Just to say that I've deliberately set my detective series in post -troubles 2012 Belfast and onwards. I think people are tired hearing/reading about the Troubles (or maybe I am). The hero has no political or religious bias at all, and he's half-Italian to represent the other communities living in Northern Ireland. I wanted the books to belong to everyone and perhaps to do something positive to cross the divide (even if they are murder mysteries!) and I also wanted to showcase the beauty and good things like restaurants and countryside of Northern Ireland, as Morse does with Oxford and Rebus does with Edinburgh. Perhaps people will get to know Northern Ireland through the books and pay it a visit.

Thanks for interviewing me.

Thank you, Catriona King!

Monday, 14 January 2013

A Wee Wayne Simmons Review - HABIT by Stephen McGeagh


Manchester, the present. Michael divides his time between the job centre and the pub. A chance meeting with Lee, an introduction to her ‘Uncle’ Ian, and a heavy night on the lash lead to a job working the door at a Northern Quarter massage parlour.

After witnessing the violent death of one of the ‘punts’, Michael experiences blood-drenched flashbacks and feels himself being sucked into a twilight world that he doesn't understand but that is irresistibly attractive. When he eventually finds out what goes on in the room below 7th Heaven, Michael’s life will never be the same again.

Think Bret Easton Ellis. On a writing break in the north of England. And all he packed was Fight Club and some early Stephen King novels. Stephen McGeagh’s powerful debut will stay with you for a long time.


We’re all about the fusion here at CSNI. Last week featured a horror hack tackling crime. This week, debut novelist Stephen McGeagh writes a horror-esque/ crime-esque thing, and releases it through literary publisher, Salt. Is your head spinning yet? Good. Because that’s exactly the right frame of mind for talking about this book. 

In many ways, HABIT could be part of the Bizarro or New Weird movement. But don’t let that put you off: for all its weirdness, this is still very much a story grounded in reality. The writing style is loose and colloquial, narrator Michael as Scally as they come. It’s dog rough at times, paragraphing and sentencing both out the window. And therein lies its strength: with such a down to earth narrative, characters and settings so familiar, the meat of the story, that big reveal in 7th Heaven, will prove all the more devastating, going way beyond what either crime or horror fiction has delivered in recent years in terms of shock factor. Make no mistake: HABIT is brutal. It will shake you to your very core. 

It’s a cinematic read. For tone and content, I’m reminded of films like MARTYRS or Paul Andrew Williams’ 2006 release LONDON TO BRIGHTON. There’s something lyrical about the book too, the easy-flowing narrative of booze and sex and Manchester’s clubbing scene reminiscent of songs like Arab Strap’s THE FIRST BIG WEEKEND or The Streets’ BLINDED BY THE LIGHTS. It’s the kind of book I’d recommend to people who don’t normally read much, the short chapters and slim volume making for a very digestible page-turner. 

The characters are people you’ll know, or once were yourself. Protagonist Michael is far from innocent, but he’s naive and fresh enough to ease us gently into the shenanigans at 7th Heaven while still retaining that all-important integrity. Lee makes for a good damsel in distress, in a twisted, neo-noir kind of way, with Mike’s sister as the equaliser (kind of) and best friend Dig providing some black humour.

There’s nothing to criticise. Everything about this book works.     

In fact, let’s make this easy for you: HABIT is groundbreaking. The kind of book that when you’re not reading you’re thinking about reading, and chomping at the bit to dive back into. It's full of dirt and grime and charm. Easily one of my favourite and most memorable reads of the last ten years. 

You need this book.     

Wayne Simmons
Genre Fiction Writer

Saturday, 5 January 2013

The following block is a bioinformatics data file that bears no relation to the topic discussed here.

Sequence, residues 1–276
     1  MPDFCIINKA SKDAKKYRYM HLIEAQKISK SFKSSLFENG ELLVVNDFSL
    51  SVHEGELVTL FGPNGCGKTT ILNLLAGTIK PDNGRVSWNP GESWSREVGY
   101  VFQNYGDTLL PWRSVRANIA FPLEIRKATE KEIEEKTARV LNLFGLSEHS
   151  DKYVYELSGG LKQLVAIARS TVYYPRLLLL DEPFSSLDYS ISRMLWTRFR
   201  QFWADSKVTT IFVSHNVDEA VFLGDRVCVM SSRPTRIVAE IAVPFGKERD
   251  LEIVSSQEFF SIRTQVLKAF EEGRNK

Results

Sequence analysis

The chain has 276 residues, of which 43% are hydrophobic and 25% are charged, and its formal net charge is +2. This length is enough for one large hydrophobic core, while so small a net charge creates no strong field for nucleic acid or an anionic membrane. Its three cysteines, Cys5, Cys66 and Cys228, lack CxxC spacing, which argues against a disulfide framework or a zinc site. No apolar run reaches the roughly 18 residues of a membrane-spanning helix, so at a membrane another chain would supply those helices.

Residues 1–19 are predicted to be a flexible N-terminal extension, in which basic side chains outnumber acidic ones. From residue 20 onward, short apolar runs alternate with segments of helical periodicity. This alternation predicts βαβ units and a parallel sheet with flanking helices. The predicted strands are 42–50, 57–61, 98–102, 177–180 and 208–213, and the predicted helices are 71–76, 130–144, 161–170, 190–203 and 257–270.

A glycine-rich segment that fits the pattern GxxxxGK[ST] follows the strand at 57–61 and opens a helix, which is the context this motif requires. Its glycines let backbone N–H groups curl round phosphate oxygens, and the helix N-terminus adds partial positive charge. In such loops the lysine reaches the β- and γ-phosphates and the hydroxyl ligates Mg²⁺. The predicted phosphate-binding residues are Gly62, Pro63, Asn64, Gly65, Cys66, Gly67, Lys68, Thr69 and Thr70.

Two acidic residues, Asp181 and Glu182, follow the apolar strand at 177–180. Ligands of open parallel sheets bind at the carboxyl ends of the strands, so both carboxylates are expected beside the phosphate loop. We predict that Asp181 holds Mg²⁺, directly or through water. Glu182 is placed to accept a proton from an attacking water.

A Wee Wayne Simmons Review - EPITAPH by Shaun Hutson


He sucked in a deep breath full of that strange smell he couldn't identify. He trailed his hands across the satin beneath him and to both sides of him and, when he raised his hands, above him too. He knew why it was so dark. He understood why he could see nothing. He realized why he was lying down. He was in a coffin. A distraught couple thinks you've killed their daughter and they want a confession. If you say you did it, they'll kill you. If you say you didn't, they'll leave you to die. It seems hopeless but there is one way out... What would you do?


With the exception of two Hammer adaptations, Hutson seems to have ditched the supernatural elements of his 80s and 90s horror output, focusing more on real-life horror of recent. Or crime, as we call it. 

EPITAPH is a crime book through and through. 

The catalyst for the story is a particularly heinous crime: 8 year old Laura Hackett’s rape and murder is vividy described from the child’s perspective in some of the most effective writing I’ve ever encountered by Hutson. From there, things go from bad to worse, grieving parents Frank and Gina Hackett doing what many would undoubtedly want to do in their situation, taking the law into their own hands. But is Paul Crane, the man they’ve pinned the murder of their daughter on, definitely guilty? 

I’ve read a lot of Hutson over the years and enjoy him a great deal. He gets a bit of stick for being something of a hack: ‘gutter horror’ is a term I’ve heard used when describing his work. For me, his writing is addictive. A kind of neo-noir style, with tight prose and short, sharp chapters. 

This is perhaps the most character-driven I’ve read from Hutson, and great for it. 

Our main protagonist is Paul Crane, the man the Hacketts believe to have raped and murdered their little girl. Paul wakes after a heavy night’s drinking to find himself in a coffin, presumably buried alive. It’s pitch black and he can’t move an inch. There’s a mic somewhere close from where a voice talks to him, telling him why he’s there.

The main body of the novel is the conversation Paul has with his captors, who we soon discover to be the Hacketts. They want to know all the gory details of their daughter’s rape and murder. This makes for very tough reading at times, and for that reason I wouldn’t say this novel is for everyone. The writing is powerful and emotive, the reader unsure until the heart-stopping climax as to whether Crane is guilty or not. 

It’s hard to think of a book this grim as a page-turner, but Hutson nails it. We can empathise with everyone, from the grieving parents, frustrated by the seemingly apathetic justice system, to Crane himself, desperately trying to reason with his captors, claustrophobic and all too aware of his diminishing supply of oxygen. It goes about as dark as you could imagine, and then some, Hutson never holding back. 

Yet still we read on.

In short, EPITAPH is a brutal crime novel dealing with heinous subject matter. It’s a cruel reminder, if one is needed, that true horror is what happens around us; a very human affair that has nothing to do with ghosts or zombies or vampires.           

Wayne Simmons
Genre Fiction Writer